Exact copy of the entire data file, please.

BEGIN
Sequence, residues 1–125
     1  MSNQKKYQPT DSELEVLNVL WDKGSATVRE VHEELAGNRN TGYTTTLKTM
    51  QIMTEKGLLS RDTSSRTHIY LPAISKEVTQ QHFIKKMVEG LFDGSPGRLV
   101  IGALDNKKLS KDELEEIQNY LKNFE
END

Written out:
Sequence, residues 1–125
     1  MSNQKKYQPT DSELEVLNVL WDKGSATVRE VHEELAGNRN TGYTTTLKTM
    51  QIMTEKGLLS RDTSSRTHIY LPAISKEVTQ QHFIKKMVEG LFDGSPGRLV
   101  IGALDNKKLS KDELEEIQNY LKNFE